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, 94 (10), 1252-9

Quality of Life Among the Traumatic Spinal Cord Injured Patients

  • PMID: 22145512

Quality of Life Among the Traumatic Spinal Cord Injured Patients

Piyapat Dajpratham et al. J Med Assoc Thai.


Objectives: To study the quality of life among the traumatic spinal cord injured patients and to identify the factors related with the quality of life in the good level of such patients.

Material and method: The traumatic SCI patients who had been treated in the Department of Rehabilitation Medicine, Siriraj Hospital, Bangkok, Thailand from January 2003 until August 2009 were interviewed for the demographic data. The injury related data were obtained from the medical records. The WHOQOL-BREF-Thai was used to acquire the QOL score, which would be interpreted as poor fair, and good QOL level according to the questionnaire. The Center for Epidemiologic Studies Depression scale and the modified Barthel Index (BI) were used to assess depression, and functional disability respectively. The median split method was used to divide the participants into two groups as good and poor QOL groups. The Chi-square and Independent Sample t-test were performed to determine the difference between these two groups and multivariate logistic regression was used to analyze the factors associated with the good QOL. P-value < 0.05 was accepted as statistical significance.

Results: Sixty-seven patients (49 males and 18 females) with a mean age 36.54 +/- 11.46 years old participated the present study. They suffered from traffic accident 67.2%, gunshot 16.4%, fall from a height 11.9%, and others 4.5%. The injury levels were cervical 31.3%, thoracic 50.7%, and lumbosacral 18%. Most of them (60.6%) had incomplete lesion. Eighteen patients (26.1%) reported depression. The mean BI score was 69.71 +/- 29.42. Three (4.5%), forty-nine (73.1%), and fifteen (22.4%) participants reported their QOL score in the range of poor, fair and good levels respectively. Using the median split method, participants with a score over 82 were classified as having good QOL groups and the rest were classified as having poor QOL group. When considering the score in each domain of the WHOQOL questionnaire, the differences between the good and poor QOL groups had statistical significance. The sufficient income (OR 13.67, 95% CI: 3.1-60.22, p = 0.001), having no depression (OR 7.6, 95% CI: 1.17-49.22, p = 0.033), and being employed (OR 6.88, 95% CI: 1.44-32.94, p = 0.016) were significantly related with the good QOL.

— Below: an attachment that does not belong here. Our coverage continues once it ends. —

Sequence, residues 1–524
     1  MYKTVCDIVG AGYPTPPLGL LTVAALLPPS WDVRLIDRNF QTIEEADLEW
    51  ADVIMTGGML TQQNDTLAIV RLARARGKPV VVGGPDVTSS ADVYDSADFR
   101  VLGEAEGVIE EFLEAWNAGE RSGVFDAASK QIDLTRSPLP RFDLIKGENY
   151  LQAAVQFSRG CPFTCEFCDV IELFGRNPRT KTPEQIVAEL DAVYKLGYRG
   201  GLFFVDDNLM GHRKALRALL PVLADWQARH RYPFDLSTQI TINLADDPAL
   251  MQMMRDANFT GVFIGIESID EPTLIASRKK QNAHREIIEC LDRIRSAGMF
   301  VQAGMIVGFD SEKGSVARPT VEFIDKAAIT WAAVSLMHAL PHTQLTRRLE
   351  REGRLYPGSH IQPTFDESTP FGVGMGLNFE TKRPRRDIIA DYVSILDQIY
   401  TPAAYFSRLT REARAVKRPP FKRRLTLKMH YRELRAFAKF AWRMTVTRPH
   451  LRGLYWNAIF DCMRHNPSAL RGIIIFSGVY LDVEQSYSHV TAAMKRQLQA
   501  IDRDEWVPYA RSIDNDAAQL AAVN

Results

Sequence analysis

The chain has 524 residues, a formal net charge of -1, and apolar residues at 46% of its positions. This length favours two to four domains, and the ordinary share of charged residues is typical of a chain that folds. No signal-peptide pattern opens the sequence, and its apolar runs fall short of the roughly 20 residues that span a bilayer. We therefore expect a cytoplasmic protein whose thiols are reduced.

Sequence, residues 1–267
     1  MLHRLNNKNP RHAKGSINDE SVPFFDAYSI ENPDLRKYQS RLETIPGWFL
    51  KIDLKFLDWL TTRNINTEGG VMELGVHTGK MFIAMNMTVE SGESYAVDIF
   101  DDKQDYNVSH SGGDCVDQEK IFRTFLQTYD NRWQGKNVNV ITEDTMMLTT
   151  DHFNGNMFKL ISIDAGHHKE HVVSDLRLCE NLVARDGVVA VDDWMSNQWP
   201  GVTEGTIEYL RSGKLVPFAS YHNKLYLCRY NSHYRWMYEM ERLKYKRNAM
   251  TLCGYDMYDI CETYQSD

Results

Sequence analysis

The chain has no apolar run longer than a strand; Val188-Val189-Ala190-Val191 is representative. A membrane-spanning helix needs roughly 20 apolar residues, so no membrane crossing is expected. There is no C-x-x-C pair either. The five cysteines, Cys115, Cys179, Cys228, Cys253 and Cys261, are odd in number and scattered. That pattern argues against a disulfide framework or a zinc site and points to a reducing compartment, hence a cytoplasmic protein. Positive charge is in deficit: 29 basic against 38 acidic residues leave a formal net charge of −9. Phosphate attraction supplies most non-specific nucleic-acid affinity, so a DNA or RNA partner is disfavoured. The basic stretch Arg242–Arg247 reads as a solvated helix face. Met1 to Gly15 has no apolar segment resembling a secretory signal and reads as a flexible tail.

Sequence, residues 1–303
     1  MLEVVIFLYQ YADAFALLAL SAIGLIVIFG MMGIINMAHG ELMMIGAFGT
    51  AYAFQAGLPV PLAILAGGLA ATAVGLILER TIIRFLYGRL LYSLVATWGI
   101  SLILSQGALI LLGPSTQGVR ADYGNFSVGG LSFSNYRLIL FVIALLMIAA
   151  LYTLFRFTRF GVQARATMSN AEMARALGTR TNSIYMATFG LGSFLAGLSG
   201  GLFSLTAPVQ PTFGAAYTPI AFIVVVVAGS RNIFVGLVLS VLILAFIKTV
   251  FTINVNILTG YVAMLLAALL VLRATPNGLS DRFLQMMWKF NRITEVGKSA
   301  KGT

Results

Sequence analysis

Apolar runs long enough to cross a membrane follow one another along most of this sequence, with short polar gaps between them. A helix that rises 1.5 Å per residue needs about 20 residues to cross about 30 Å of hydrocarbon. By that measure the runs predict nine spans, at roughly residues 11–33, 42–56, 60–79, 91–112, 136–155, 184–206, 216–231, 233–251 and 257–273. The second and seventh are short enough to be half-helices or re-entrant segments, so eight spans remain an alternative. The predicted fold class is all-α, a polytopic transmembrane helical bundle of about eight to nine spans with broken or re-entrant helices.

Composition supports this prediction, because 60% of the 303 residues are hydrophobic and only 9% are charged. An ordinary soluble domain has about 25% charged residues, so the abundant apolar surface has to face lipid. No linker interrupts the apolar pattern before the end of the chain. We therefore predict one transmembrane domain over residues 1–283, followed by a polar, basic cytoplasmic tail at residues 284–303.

Conclusion: Most of the SCI patients determined their QOL as fair level. Sufficient income, having no depression, and being employed were associated with the good QOL.

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